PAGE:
Source and activity 2

Fairy tale characters: The hero

Illustration of prince
Example of a fairy tale 'hero'.

Most fairy tales feature at least one hero. Heroes can be male or female, rich or poor, children or adults.

This illustration is from 'Little snow white and other fairy stories' from about 1898. Download hero illustration (PDF: 2.09 MB; 1 page).

Challenges a hero might face

The hero is usually faced with a problem which has to be solved. This may involve going on a journey, solving a riddle or puzzle, or undertaking a difficult task or impossible test.

The hero often has to face danger and difficulties, but wins through in the end.

The hero often has to defeat or capture the villain in the story in order to survive.

Sometimes the hero has to rescue someone else who is in trouble or danger, as for example the sister in 'The six swans'. At other times, the hero has to save himself or herself, for instance Hansel and Gretel who manage to escape from the witch who lives in the gingerbread house.

What makes a hero?

The hero is often described as:

  • Good
  • Kind
  • Brave
  • Smart
  • Resourceful.

The hero does what needs to be done, even though it might be difficult or challenging. The hero may be reluctant or fearful about going on a journey or taking on a task, but does it anyway.

The hero doesn't usually have magic powers, but sometimes he or she has access to magic helpers or objects. At other times, the hero has to rely on outwitting his or her enemy.

Suggested activities

  • Read the following stories:
  • Ask the pupils to decide:
    • Who is the hero in the story?
    • What problem does the hero have to solve?
    • How does he or she eventually solve the problem, and what resources do they use?
    • What do the heroes in the stories have in common?
    Literacy and English experiences and outcomes: [ENG 1-19a; ENG 2-19a; LIT 1-16a; LIT 2-16a; ENG 1-17a; ENG 2-17a; LIT 1-09a; LIT 2-09a; LIT 1-07a; LIT 2-07a]
  • Ask the pupils to think of words and images that they associate with the word 'hero'. Can they think or name any modern day heroes? What heroic qualities do these people have?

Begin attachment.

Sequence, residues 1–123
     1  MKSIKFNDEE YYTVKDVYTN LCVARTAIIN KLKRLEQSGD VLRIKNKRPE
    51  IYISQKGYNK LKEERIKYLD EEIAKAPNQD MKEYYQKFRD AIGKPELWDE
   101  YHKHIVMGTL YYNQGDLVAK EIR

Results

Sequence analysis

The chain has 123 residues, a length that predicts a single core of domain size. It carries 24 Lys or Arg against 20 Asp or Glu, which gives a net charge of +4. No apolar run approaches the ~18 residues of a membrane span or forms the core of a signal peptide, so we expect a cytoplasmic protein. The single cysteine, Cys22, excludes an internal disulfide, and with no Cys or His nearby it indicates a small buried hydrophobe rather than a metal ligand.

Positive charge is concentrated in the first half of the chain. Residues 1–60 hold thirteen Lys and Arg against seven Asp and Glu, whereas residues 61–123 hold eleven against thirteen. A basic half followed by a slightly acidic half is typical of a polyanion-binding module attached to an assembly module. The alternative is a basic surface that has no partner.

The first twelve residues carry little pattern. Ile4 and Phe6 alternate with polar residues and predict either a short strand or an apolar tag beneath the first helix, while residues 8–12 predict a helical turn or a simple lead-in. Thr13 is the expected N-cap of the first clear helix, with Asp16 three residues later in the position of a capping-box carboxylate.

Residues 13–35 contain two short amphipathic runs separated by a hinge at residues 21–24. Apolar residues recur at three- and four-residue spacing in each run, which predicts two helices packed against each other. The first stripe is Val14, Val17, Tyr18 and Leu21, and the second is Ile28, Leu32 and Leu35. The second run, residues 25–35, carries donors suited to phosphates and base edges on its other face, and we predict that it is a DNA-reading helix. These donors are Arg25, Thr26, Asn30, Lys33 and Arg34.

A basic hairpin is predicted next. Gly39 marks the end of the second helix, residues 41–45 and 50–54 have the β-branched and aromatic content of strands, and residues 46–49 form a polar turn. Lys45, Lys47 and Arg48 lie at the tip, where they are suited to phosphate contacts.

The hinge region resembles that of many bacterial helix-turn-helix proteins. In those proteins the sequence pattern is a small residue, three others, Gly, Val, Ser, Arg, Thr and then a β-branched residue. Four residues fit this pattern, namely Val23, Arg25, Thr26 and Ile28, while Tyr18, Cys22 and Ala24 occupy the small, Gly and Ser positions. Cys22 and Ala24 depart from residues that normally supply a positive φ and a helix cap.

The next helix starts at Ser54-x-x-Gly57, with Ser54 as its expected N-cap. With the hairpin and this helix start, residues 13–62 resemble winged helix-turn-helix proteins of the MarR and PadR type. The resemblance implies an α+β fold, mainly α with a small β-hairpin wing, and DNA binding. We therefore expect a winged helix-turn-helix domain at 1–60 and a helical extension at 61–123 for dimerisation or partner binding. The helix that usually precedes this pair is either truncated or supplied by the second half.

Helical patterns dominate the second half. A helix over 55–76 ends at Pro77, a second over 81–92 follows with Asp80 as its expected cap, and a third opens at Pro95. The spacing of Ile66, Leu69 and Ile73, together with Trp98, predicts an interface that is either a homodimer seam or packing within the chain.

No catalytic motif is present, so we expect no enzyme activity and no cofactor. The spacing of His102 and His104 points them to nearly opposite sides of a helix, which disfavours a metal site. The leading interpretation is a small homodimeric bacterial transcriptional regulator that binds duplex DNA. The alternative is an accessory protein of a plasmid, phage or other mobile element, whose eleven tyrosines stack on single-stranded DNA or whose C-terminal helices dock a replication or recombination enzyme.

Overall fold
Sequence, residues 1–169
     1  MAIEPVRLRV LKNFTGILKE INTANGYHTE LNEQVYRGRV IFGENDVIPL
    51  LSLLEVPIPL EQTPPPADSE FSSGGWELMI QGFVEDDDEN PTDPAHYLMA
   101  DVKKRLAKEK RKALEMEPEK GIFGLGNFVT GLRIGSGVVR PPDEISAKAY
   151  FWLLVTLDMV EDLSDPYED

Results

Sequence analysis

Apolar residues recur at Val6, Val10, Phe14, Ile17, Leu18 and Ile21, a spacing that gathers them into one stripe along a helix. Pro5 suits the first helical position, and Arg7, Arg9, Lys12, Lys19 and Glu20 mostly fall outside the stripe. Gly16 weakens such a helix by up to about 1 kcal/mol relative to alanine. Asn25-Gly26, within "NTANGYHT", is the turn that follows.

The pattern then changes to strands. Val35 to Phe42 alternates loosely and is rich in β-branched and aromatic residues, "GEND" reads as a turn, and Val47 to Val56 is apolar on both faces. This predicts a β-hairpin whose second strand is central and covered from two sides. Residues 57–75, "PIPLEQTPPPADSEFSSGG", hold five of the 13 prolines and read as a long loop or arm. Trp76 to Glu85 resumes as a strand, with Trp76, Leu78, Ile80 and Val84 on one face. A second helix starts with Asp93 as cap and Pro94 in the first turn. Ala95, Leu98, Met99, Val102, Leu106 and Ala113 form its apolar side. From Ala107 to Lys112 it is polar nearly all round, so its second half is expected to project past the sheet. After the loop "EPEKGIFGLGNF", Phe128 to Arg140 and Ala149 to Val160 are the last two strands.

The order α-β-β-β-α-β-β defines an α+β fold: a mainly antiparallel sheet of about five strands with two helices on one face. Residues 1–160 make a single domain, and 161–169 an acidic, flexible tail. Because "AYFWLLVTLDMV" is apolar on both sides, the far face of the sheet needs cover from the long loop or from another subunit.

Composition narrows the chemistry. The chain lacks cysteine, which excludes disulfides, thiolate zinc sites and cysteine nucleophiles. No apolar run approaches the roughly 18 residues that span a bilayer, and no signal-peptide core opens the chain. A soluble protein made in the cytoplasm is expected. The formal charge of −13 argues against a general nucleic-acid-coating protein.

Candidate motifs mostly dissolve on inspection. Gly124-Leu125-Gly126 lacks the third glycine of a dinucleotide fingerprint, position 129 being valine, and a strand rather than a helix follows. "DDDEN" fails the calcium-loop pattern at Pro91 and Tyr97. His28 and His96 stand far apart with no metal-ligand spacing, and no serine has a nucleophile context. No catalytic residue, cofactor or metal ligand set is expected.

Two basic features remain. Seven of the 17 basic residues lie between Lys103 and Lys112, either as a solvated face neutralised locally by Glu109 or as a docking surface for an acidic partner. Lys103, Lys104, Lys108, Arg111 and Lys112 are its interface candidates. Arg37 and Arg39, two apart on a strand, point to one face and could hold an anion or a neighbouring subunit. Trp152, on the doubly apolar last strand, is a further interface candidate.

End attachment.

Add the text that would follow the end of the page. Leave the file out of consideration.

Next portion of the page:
• Find examples of heroes in recent news stories. What kind of people are described as heroes today? Take one example of a news story, and decide who is the hero, what problem they had to solve or overcome, and how they achieved this. Ask the pupils to try re-writing the news story in the style of a traditional fairy tale.

    [LIT 1-14a; LIT 2-14a]
  • Read or tell the story of 'Hansel and Gretel'. Who is the hero in this story, and why? What problem does the hero have to solve, and what dangers do they have to face along the way? Encourage the pupils to consider that there might be more than one hero in this story. How do the brother and sister work together to solve the problem? What do each of them contribute?

    [ENG 1-19a; ENG 2-19a; ENG 1-17a; ENG 2-17a]
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Download character comparison activity (PDF: 47KB; 2 pages)


Source and activity 3



Themes in focus — Fairy tales


Related material at the Library

Find out more about fairy tales and the Brothers Grimm in our collections:


Search our main catalogue for books about fairy tales and the Brothers Grimm.


Discover more about the Brothers Grimm in our past treasures display.


Hansel and Gretel creative writing competition winners.


Read a news story about the Grimms' Scottish connections in a letter that Jacob Grimm wrote to Sir Walter Scott.


Elsewhere on the web

Find out more about storytelling duo Macastory.


Learn more about traditional tales and stories with the Scottish Storytelling Centre.

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